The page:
WorldCat Identities

Construction Engineering Research Laboratories (U.S.)

Overview
Works: 757 works in 1,154 publications in 1 language and 32,446 library holdings
Genres: Handbooks and manuals 
Roles: Monitor, Originator
Classifications: TH223, E
Publication Timeline
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Most widely held works about Construction Engineering Research Laboratories (U.S.)
 
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Most widely held works by Construction Engineering Research Laboratories (U.S.)
REMR management systems--navigation structures condition rating procedures for tainer dam and lock gates by Lowell Greimann( )

3 editions published in 1995 in English and held by 306 WorldCat member libraries worldwide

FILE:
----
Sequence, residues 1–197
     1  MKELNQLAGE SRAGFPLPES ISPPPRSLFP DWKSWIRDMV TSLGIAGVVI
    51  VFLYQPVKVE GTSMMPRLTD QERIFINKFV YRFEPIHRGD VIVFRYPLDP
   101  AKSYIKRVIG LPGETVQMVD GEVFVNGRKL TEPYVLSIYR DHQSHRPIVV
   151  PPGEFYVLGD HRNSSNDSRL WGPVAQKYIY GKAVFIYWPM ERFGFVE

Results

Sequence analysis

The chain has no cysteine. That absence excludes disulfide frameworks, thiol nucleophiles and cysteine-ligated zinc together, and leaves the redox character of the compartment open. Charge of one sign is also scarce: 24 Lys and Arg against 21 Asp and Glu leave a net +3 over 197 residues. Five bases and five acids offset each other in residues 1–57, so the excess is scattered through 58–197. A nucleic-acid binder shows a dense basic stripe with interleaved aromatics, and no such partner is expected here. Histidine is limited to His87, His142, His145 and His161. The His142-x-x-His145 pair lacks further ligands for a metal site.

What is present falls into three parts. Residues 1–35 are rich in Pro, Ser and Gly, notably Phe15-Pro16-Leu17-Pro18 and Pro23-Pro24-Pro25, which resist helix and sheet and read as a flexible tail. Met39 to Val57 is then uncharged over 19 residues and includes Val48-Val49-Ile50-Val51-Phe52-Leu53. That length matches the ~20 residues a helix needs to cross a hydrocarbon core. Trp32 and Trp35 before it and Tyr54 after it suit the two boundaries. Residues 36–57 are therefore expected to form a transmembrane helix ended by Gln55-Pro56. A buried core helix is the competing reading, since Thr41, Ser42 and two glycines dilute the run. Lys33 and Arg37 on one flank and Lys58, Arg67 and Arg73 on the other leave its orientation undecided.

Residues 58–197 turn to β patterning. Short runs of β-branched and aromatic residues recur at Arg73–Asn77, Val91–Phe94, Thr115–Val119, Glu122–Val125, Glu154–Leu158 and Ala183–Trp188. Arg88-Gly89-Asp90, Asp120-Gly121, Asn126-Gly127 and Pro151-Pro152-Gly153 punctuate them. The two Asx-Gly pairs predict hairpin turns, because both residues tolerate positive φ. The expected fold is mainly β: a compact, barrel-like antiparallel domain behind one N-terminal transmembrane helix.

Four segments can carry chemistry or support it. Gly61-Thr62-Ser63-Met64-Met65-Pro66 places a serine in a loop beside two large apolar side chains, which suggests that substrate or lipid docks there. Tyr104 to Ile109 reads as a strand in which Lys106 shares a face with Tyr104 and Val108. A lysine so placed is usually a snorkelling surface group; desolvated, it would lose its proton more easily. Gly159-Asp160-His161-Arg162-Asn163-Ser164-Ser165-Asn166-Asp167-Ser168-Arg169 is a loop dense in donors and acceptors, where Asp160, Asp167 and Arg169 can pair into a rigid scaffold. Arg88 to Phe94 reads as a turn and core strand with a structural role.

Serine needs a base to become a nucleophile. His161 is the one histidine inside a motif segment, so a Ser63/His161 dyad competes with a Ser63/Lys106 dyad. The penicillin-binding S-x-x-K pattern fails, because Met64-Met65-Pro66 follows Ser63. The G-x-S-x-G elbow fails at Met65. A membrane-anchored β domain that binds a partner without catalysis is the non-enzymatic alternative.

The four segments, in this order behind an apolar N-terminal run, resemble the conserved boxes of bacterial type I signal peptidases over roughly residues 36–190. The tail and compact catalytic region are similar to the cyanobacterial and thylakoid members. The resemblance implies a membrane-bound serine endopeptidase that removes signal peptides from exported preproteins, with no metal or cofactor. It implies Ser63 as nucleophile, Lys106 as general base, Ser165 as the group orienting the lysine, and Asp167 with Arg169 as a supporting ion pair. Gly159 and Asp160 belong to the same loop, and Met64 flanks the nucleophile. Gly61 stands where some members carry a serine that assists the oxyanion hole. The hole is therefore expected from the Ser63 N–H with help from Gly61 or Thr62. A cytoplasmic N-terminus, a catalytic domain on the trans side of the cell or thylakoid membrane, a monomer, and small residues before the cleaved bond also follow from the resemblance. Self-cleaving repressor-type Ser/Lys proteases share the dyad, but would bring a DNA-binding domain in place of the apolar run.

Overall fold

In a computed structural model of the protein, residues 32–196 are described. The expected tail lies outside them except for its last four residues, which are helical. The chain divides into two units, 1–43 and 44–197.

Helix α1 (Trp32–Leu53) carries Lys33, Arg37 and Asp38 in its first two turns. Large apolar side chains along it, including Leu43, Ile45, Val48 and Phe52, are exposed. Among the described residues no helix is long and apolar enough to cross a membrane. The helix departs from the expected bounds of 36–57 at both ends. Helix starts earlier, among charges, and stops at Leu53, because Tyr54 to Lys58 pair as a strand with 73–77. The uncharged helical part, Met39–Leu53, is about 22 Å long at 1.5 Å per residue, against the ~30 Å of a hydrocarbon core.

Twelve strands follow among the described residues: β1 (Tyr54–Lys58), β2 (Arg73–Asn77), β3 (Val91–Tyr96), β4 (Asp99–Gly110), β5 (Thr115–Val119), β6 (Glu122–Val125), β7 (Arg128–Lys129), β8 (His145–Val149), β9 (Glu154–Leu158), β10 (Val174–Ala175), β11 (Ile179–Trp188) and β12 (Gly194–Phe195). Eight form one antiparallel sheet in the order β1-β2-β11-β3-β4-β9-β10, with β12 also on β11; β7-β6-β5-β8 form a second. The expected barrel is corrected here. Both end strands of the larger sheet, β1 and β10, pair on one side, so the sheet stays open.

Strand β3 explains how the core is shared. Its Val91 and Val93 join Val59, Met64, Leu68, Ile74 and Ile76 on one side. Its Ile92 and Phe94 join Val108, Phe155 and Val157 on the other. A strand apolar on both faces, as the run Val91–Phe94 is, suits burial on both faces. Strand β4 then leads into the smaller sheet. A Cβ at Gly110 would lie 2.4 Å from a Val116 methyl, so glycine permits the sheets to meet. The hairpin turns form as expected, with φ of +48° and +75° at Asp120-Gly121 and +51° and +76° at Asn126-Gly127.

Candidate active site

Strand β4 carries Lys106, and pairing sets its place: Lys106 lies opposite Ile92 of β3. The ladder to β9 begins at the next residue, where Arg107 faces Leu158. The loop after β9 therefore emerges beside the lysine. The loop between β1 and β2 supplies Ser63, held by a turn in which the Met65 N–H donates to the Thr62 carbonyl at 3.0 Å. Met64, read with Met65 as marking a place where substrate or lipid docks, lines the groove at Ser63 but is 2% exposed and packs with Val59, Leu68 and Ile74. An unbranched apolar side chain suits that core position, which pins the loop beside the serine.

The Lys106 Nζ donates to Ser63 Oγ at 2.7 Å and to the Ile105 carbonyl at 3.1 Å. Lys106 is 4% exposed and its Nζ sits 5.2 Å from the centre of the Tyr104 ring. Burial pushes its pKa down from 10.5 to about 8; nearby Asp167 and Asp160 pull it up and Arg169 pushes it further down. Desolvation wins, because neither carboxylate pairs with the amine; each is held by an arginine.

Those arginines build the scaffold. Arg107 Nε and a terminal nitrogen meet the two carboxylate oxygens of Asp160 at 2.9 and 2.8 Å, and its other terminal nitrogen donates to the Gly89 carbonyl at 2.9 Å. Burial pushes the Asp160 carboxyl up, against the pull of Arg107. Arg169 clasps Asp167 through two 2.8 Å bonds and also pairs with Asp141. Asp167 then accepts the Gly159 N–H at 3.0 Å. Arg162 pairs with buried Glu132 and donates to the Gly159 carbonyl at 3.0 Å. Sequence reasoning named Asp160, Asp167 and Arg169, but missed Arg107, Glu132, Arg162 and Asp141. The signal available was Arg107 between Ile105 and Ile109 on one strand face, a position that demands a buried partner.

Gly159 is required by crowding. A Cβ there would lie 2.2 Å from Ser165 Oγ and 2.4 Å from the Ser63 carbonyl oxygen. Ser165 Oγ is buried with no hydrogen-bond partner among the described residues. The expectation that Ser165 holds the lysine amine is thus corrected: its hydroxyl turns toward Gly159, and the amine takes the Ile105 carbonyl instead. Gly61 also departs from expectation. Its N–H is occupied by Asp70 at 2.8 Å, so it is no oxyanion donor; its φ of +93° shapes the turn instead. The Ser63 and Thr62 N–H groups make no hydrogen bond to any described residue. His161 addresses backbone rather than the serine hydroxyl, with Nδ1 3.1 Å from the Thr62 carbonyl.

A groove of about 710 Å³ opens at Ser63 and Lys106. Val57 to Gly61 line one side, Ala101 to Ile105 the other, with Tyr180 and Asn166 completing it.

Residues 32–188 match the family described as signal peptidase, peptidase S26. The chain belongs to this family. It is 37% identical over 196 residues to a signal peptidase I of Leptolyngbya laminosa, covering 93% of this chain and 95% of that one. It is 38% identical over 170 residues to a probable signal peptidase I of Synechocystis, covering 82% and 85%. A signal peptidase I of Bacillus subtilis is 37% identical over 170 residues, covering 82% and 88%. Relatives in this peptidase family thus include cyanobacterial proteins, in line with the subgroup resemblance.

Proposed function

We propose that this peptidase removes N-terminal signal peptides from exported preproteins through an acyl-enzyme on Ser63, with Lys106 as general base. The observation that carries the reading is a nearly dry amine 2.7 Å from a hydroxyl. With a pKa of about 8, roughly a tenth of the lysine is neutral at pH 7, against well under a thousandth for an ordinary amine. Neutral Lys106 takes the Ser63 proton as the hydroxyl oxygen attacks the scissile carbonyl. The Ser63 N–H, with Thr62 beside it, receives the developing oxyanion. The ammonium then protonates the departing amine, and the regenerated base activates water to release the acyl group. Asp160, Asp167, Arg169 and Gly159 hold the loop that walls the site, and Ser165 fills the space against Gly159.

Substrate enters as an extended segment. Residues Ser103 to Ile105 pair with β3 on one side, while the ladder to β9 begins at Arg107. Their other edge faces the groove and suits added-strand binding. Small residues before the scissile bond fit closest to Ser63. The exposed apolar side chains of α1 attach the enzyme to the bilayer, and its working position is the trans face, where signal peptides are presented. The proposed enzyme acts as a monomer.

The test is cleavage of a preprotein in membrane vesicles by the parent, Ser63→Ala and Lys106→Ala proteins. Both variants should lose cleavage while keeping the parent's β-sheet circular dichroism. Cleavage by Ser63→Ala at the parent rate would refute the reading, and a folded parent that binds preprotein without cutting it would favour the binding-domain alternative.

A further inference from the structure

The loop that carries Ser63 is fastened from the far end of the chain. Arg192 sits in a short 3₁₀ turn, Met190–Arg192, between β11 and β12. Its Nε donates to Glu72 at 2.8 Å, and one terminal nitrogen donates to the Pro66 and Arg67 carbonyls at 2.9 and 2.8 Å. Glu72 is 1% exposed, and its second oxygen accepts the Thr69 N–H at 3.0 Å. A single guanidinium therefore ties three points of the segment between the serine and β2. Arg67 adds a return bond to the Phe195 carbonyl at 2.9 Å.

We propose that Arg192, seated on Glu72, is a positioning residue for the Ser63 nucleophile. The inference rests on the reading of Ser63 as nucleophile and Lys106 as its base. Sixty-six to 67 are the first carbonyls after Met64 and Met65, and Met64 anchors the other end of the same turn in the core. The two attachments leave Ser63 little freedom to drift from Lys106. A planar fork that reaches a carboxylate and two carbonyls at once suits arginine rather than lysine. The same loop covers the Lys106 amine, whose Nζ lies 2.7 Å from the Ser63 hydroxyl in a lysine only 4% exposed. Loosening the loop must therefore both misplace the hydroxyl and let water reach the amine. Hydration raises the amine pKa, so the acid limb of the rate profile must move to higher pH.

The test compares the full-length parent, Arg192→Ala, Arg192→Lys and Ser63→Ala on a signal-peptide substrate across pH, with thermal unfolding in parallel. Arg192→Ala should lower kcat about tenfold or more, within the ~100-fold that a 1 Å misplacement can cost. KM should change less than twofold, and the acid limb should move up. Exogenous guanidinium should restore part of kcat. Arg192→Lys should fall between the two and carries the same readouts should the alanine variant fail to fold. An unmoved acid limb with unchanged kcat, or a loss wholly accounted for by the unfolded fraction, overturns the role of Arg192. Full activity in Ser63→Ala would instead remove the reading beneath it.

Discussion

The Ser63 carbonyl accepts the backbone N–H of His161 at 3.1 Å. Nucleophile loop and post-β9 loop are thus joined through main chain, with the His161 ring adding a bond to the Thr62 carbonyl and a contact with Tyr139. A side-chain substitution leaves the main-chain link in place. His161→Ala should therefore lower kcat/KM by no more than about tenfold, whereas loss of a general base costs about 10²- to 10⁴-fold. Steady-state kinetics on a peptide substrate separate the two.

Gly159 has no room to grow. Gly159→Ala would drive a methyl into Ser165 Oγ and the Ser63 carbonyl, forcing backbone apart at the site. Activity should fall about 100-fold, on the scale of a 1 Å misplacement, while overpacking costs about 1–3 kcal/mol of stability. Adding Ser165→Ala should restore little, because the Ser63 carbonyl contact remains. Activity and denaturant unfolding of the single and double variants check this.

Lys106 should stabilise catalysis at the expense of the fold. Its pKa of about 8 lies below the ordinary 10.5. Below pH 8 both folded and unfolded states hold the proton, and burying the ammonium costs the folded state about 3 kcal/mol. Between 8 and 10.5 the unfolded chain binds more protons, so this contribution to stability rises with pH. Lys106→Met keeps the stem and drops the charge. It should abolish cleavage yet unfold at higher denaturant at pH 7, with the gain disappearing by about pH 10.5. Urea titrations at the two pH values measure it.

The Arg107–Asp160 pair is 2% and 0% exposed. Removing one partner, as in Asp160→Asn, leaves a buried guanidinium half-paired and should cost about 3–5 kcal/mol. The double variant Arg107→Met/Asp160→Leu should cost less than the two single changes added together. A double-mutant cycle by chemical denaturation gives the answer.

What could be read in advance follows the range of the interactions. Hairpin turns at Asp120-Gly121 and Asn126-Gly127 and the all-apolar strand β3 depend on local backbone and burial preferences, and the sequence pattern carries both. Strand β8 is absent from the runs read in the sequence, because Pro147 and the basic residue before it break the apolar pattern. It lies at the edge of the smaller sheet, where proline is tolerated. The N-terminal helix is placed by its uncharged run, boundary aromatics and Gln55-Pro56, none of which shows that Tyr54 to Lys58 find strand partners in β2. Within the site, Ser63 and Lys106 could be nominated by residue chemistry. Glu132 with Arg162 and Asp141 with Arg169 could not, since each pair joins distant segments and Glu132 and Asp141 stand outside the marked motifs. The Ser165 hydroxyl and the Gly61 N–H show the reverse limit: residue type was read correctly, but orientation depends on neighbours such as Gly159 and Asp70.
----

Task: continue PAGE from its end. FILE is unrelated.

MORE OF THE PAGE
The mission of the U.S. Army Corps of Engineers has been shifting from constructing new facilities to maintaining the large inventory of existing facilities. The objective of this work was to develop an inspection and rating system that uniformly and consistently describes the current condition of tainter dam and lock gate structures. The objective was achieved by conducting site visits and field investigations with experts from the U.S. Army Corps of Engineers, and by using the experts' opinions to develop the rules which form the basis of the rating system. This document provides a general description of the inspection and rating system, which includes the definition of a condition index and a description of tainter gate distresses. This is followed by a detailed description of the inspection and rules for calculating condition indexes for tainter gates. (MM)
REMR management systems--navigation and reservoir structures, condition rating procedures for concrete in gravity dams, retaining walls, and spillways by Rupert E Bullock( )

3 editions published in 1995 in English and held by 305 WorldCat member libraries worldwide